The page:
businesses need to get started. Business incubators assist emerging businesses by

providing various support services such as assistance in developing business and

marketing plans, building management teams, obtaining capital, and access to a range of

other more specialized professional services. In addition, incubators provide flexible

space, shared equipment, and administrative services. Firms generally remain in the

incubator for about two-and-one-half years, after which it is intended that they graduate

to become independent, self-sustaining businesses (NBIA, 1996).

Incubator facilities help new companies survive the critical early stages of development,

thus lowering the failure rate. They encourage entrepreneurship and minimize obstacles

to new-business formation and growth. Most incubator facilities and programs are

sponsored by one of four kinds of groups: public (non-profit), private (for-profit), private

(non-profit), or educational. Funding sources are drawn from any combination of

foundations, banks, venture capitalists, and all levels of government and government-

sponsored commissions. The following subsections will define the generic business

incubator model, examine the four types of incubator facilities identifying their unique

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organizational structure, the type of businesses they attract and the incubators benefits to

various stakeholders.

1.2 Components of a Generic Incubator

Although business incubators can take a variety of shapes, there is a basic form that the

typical generic incubator takes. Nijkamp (1988) identified some of the rudimentary

elements that makes the existence of a business incubator possible. Supported by a

number of studies in the literature, Nijkamp concludes that any type of business incubator

should include at least these elements to be present in the community. Figure 1 illustrates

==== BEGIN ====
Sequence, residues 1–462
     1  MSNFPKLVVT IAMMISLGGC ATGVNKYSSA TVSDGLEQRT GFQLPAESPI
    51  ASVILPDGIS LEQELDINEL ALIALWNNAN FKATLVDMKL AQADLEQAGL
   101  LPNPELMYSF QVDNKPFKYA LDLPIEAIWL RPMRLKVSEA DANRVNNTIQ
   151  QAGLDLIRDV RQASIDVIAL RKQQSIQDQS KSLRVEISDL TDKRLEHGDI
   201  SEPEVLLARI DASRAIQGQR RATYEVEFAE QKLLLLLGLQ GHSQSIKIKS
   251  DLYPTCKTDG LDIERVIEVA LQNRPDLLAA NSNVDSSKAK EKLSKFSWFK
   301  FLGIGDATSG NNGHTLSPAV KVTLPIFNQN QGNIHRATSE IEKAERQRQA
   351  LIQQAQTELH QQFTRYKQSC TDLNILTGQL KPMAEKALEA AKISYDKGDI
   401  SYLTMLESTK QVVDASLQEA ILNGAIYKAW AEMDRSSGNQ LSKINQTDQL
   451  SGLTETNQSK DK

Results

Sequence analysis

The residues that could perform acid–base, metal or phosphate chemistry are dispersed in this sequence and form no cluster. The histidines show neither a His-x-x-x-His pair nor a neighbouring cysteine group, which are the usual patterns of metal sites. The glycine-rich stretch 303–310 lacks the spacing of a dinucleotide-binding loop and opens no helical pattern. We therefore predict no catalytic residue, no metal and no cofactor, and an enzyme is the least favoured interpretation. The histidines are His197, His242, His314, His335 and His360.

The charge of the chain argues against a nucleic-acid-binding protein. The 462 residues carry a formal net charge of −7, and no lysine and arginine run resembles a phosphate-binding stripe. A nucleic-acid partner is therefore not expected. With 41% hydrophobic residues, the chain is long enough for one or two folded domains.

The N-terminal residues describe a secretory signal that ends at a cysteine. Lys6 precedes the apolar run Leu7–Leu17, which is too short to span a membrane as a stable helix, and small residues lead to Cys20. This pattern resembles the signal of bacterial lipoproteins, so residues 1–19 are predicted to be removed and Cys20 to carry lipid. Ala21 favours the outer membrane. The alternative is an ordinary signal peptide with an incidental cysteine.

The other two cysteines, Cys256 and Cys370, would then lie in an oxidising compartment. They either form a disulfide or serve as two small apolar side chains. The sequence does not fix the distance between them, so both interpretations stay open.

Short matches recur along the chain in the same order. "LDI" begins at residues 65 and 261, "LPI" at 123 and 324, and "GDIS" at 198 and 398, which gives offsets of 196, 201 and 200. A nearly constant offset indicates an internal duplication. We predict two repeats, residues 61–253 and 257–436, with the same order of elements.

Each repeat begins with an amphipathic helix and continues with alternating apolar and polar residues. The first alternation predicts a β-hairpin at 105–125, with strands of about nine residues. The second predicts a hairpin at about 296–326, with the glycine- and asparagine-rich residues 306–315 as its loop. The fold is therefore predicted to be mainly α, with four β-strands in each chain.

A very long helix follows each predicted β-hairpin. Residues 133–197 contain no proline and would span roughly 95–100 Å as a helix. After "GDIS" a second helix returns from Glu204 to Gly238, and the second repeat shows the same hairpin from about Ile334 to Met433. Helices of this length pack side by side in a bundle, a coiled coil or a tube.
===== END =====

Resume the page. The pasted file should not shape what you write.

Nijkamps (1988) interpretation of a generic business incubator. At the bottom is the

location of potential entrepreneurs with universities, corporations, the general

community, the public sector, research laboratories and inventors being the most likely

sources. The presence of a local entrepreneurial base or culture is perhaps the most

important the yet the most underestimated variable in the success of the business

incubator. The next phase of the process is the identification of market opportunities by

the entrepreneurs. Demand will then be created for an incubator and there are two main

types of incubators that may be established. They can be either formal or informal

facilities. A formal business incubator consists of a physical building that houses and

assists the small business clients through services and counseling. The informal type is

limited more to a consulting role, and businesses are not housed in a central facility. The

informal type of business incubators are today also known as virtual incubators or

without walls.

Smilor (1986) then identifies the building blocks necessary for an incubator. These

range from presence of venture capital in the community, to pre-existing business

networks and an entrepreneurial base. The presence of both debt and equity financing is

highly desirable and should be